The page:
Monday, September 22, 2008

Health Care Reform and Women's Issues

This week's election issue is actually two issues that are related--Health Care and the pressing needs of Women. The last legislatures at the State and Federal level failed to provide health care reform--affordable insurance for all citizens. And the "gender gap" continues to plague women at all levels of educational attainment. Within this gap is a lack of health insurance as employers opt out of providing this expensive benefit.

You can click "read more" for some background on these issues and stay tuned this week for more specifics from our candidates: Tara Johnson (Tuesday), Dale Klemme (Wednesday) and Barack Obama (Thursday).

There is also a Wednesday night (7 pm) issue evening at the HQ in Viroqua on these topics. See the Calendar for more info and dates. Come and talk about how these issues impact your life, and what we need communicate to our representatives at the State and Federal levels.

Health care reform

The last legislatures at the State and Federal level failed to provide health care reform--affordable insurance for all citizens. At the State level there was the Healthy_Wisconsin initiative to extend affordable health care insurance to working adults. This was part of the budget that the Senate passed, not part of the Assembly budget (Republican Assembly) and in the negotiations in the conference committee the provision was taken out. Legislation by negotiation.

The leaders pushing for this kind of comprehensive reform will again pursue the goal, but with listening ears for how to make it a successful bill. Funding the plan is part of the issue, but in reality this kind of comprehensive reform is the way to control costs and distribute risk. Small steps and increases in coverage via BadgerCare is helpful, but this successful part of the budget is little more than an expansion of Medicaid. To really help businesses and governments cope with rising costs (Vernon County is budgeting (2009) for an 18% increase in health insurance premium) we need something more.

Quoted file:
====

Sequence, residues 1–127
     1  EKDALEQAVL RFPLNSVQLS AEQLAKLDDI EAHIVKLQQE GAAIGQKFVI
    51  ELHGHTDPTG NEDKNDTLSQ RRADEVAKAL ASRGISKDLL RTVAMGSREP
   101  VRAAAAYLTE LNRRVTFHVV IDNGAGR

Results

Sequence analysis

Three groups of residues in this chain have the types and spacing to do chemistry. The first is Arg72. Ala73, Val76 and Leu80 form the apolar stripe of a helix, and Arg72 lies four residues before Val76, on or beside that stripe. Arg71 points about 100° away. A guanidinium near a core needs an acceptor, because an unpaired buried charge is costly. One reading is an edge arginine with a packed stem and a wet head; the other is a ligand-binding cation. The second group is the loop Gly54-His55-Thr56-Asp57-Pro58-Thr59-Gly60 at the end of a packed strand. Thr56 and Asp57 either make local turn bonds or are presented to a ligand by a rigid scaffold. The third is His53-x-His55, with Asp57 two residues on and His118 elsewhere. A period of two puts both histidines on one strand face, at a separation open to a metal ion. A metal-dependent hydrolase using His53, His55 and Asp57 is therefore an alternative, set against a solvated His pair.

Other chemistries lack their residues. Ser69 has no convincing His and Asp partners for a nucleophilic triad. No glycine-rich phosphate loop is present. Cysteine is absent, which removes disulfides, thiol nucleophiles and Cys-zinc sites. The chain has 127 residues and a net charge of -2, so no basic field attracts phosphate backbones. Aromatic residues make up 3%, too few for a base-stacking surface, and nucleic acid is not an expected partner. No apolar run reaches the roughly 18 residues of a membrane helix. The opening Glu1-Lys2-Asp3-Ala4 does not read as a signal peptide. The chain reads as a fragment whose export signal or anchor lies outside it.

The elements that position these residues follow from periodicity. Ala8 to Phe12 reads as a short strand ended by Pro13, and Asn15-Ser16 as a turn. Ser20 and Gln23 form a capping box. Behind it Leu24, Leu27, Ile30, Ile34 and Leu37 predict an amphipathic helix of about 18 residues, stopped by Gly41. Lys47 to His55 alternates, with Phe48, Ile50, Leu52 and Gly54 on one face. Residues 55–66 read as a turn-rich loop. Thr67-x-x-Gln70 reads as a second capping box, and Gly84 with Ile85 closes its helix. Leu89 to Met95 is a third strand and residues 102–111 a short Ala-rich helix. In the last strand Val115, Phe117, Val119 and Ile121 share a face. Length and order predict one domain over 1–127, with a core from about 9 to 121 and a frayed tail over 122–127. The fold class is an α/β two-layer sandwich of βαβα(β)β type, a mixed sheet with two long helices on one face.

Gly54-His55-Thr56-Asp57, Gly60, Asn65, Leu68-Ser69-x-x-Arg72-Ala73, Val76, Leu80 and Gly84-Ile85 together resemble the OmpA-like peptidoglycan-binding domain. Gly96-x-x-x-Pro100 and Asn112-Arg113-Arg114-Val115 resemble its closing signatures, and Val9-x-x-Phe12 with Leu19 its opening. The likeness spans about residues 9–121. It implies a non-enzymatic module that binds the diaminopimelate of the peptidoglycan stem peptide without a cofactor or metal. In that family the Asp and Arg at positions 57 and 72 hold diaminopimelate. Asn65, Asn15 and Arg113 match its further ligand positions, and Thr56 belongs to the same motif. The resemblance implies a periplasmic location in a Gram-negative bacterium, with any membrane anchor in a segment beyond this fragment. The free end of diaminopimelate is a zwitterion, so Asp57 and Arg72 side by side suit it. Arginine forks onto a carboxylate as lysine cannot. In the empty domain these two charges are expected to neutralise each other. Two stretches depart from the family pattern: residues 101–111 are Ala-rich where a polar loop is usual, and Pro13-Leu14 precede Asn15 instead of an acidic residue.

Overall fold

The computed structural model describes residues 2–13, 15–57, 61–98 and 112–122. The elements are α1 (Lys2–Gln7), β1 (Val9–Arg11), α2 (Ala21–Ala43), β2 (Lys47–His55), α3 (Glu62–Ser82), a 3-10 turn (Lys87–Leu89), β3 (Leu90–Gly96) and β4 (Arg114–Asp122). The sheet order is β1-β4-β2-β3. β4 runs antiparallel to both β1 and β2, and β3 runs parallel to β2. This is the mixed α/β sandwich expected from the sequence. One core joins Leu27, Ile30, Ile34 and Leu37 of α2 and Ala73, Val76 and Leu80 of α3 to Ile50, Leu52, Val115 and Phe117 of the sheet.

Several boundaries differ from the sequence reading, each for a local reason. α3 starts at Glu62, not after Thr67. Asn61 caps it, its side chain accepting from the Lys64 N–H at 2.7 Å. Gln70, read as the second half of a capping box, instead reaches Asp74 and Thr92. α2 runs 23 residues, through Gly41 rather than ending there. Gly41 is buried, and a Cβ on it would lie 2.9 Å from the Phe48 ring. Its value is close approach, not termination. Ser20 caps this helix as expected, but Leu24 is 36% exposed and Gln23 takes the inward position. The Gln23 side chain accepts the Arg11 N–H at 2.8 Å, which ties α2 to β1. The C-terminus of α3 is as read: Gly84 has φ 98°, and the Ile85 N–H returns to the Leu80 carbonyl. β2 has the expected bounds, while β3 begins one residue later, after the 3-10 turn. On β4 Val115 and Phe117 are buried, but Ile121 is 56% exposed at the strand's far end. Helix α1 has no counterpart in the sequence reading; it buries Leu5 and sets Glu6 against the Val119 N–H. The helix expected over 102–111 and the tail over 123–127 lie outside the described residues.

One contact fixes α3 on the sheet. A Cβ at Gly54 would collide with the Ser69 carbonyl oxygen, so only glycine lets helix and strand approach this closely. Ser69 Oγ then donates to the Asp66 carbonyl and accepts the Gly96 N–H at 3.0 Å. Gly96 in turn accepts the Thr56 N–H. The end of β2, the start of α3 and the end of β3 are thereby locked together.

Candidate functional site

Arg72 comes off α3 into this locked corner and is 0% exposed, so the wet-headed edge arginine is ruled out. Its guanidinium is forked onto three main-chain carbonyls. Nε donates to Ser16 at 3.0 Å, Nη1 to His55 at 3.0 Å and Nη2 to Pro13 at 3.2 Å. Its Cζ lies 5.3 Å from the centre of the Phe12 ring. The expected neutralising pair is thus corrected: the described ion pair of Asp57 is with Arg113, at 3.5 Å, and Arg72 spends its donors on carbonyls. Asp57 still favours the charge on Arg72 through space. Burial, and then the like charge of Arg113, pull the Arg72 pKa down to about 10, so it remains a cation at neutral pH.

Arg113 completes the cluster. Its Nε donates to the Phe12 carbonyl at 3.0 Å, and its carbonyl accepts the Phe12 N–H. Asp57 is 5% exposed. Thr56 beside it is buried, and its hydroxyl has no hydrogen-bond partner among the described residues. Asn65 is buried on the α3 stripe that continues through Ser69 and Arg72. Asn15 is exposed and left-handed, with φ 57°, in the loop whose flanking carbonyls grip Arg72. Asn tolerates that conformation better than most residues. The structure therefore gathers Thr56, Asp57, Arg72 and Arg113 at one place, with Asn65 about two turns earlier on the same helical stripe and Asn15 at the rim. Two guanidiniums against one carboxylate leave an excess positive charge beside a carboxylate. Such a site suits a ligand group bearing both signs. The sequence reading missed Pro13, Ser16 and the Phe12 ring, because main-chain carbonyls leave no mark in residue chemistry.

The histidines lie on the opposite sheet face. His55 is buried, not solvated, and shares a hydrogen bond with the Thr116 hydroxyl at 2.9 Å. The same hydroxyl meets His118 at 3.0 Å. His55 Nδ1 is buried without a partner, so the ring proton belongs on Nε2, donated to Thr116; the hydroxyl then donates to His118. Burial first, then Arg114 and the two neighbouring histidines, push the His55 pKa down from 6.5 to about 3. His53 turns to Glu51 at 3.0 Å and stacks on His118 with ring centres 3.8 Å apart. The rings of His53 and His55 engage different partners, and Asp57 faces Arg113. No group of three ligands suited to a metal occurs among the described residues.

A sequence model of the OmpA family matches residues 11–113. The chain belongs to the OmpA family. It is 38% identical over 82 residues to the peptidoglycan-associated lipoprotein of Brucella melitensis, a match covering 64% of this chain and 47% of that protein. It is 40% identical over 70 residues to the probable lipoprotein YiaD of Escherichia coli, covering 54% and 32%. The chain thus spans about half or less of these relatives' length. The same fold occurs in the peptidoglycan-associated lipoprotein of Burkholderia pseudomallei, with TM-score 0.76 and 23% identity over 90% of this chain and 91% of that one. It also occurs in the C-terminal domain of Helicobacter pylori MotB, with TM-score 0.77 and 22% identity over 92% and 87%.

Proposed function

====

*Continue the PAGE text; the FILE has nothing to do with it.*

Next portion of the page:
The Gender Gap

The news on women is alarming and has been for years. The Institute for Women's Policy Research was quite critical of Wisconsin in a 2002_report that ranked the 50 states and the District of Columbia. Among the findings, Wisconsin ranked:

-No. 45 in the wage gender gap. In 2002, Wisconsin women earned a median annual average of $28,100, just 71.1 percent of the wages of Wisconsin men. Nationwide, that percentage was 76.2 percent.

-No. 46 in the percentage of women in managerial and professional occupations (29.4 percent v. 35.5 percent nationwide in 2001).

-No. 28 in median annual full-time earnings for women (again, $28,100 v. $30,100 nationwide in 2002).

The Wisconsin_Women's_Council provided a press release on the Gender Wage Gap more recently (April 2008) and notes these statistics:

With a median hourly wage of $13.67 in 2006, Wisconsin women’s wages were about 22 percent lower than men’s. At this rate, a full-time, woman worker in the state would earn around $28,000 per year, on average, compared with over $36,500 for men.

For women ages 25-35, the 2006 median hourly wage of $13.89 was 15 percent below the men’s median for that age group. This despite the fact that the younger women’s median wage was slightly higher than the median wage for all women.

The good news for Wisconsin women may be that attaining a college degree pays off in increased wages and a slimmer wage gap. Even for young women with a college degree, however, the pay gap persists.

Men and Women alike should be concerned about equal pay for the same work. All of us contribute to family income, and that income is not keeping up with rising costs and increasingly troubled economic times.